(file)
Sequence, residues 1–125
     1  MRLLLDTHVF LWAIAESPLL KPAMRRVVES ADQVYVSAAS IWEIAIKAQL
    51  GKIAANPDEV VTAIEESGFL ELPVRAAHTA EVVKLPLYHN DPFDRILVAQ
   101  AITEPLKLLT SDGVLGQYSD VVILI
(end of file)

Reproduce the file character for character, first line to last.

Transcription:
Sequence, residues 1–125
     1  MRLLLDTHVF LWAIAESPLL KPAMRRVVES ADQVYVSAAS IWEIAIKAQL
    51  GKIAANPDEV VTAIEESGFL ELPVRAAHTA EVVKLPLYHN DPFDRILVAQ
   101  AITEPLKLLT SDGVLGQYSD VVILI